Purchaser wants contract for manufacture and sale of large quantities of CBD oil terminated on account of COVID-19-related state emergency orders, but that’s not what the force majeure clause says.
In a contract the dispute over whether a contract exists and whether payment for the processing and production of winterized CBD oil is due, the two parties, a buyer and a seller exchanged correspondence with the seller threatening to take the buyer to court if the seller wasn’t paid. Seeing the writing on the wall, the Kentucky buyer went to court before the Oregon seller and filed a lawsuit seeking to declare the $9MM contract invalid arguing it rested on a condition precedent which required the buyer to raise $2MM in capital and that the hemp oil needed to meet certain quantities and specifications, neither of which occurred.
In addition to looking to invalidate the agreement on account of the lack of a condition precedent (the capital raise not happening) the buyer also plead that this provision in the agreement:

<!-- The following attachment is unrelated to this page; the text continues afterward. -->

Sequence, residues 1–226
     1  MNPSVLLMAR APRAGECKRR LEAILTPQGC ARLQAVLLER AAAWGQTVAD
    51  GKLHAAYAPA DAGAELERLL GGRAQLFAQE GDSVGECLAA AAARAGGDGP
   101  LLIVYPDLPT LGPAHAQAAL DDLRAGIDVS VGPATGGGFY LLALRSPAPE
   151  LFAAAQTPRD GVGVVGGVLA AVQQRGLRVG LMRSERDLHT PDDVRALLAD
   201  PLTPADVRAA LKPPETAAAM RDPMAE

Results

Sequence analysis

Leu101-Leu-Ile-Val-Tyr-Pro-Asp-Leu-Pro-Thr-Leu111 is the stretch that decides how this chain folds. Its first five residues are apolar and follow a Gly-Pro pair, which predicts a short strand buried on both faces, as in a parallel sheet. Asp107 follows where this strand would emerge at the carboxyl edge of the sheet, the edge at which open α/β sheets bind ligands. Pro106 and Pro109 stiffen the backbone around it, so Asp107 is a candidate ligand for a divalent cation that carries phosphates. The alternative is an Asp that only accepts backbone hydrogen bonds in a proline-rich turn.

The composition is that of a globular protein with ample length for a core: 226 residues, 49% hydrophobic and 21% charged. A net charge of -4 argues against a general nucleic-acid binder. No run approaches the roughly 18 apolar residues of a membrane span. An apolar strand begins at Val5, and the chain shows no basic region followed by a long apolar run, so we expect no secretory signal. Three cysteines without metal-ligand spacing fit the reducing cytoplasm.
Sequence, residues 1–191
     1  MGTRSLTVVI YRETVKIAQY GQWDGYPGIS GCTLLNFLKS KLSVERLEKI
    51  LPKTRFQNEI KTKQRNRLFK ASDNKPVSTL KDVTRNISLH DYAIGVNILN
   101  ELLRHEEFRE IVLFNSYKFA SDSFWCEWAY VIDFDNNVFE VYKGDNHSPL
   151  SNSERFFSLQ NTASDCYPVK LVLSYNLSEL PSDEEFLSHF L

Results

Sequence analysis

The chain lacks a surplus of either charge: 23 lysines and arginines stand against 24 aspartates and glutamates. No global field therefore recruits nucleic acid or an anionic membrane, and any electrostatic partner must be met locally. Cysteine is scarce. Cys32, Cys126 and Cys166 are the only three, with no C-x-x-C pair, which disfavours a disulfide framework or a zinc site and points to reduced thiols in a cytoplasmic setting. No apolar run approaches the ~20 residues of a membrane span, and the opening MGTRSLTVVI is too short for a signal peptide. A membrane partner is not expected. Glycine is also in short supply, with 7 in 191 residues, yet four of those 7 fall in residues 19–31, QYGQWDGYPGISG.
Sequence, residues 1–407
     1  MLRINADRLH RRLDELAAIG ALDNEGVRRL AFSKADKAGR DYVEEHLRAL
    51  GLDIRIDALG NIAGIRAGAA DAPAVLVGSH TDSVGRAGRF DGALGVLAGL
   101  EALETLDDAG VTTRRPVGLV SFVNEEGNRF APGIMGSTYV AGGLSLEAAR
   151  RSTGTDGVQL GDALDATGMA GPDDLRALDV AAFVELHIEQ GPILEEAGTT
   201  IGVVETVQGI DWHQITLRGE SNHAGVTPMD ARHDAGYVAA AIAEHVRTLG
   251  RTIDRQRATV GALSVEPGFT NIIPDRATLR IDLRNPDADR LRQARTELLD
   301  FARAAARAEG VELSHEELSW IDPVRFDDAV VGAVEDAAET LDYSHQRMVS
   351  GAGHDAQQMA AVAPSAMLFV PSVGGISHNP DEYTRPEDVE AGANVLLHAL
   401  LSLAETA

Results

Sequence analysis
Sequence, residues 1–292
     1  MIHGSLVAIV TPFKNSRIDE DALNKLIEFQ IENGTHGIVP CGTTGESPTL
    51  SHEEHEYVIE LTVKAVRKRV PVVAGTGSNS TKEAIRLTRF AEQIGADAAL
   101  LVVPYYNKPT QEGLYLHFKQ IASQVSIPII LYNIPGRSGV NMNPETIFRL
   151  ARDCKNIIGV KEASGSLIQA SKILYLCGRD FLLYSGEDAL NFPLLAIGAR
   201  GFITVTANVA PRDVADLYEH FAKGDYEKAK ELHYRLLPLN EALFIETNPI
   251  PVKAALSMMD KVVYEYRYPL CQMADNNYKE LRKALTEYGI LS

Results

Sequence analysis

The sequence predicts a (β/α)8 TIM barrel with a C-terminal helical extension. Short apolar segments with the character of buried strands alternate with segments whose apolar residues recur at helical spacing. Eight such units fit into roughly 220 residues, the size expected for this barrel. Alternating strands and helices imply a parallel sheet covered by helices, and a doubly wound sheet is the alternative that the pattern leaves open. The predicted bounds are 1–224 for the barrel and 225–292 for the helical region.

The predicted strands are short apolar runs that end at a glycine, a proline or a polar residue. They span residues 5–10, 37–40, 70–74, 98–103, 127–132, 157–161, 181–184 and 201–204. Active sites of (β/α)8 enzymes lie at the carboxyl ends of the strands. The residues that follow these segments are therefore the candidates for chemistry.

4.3 Force Majeure. In the event of riot, war, rebellion, fire flood, act of God, terrorism, act of governmental authorities or any other cause beyond the control of the Parties hereto which renders it impossible for either Party to comply with the terms of this Agreement (a “Force Majeure Occurrence”), there shall be no liability for non-compliance caused thereby during the continuance thereof and any additional period of time reasonably necessary to remediate the effect of such Force Majeure Occurence.
when combined with the spread of the coronavirus and the emergence declared by the Governor’s executive order rendered the contract unenforceable and requested that the agreement be rescinded or terminated on account of the emergency declaration. Apparently in spite of the provisions language stating that additional time is the remedy under the Force Majeure provision, not termination or rescission.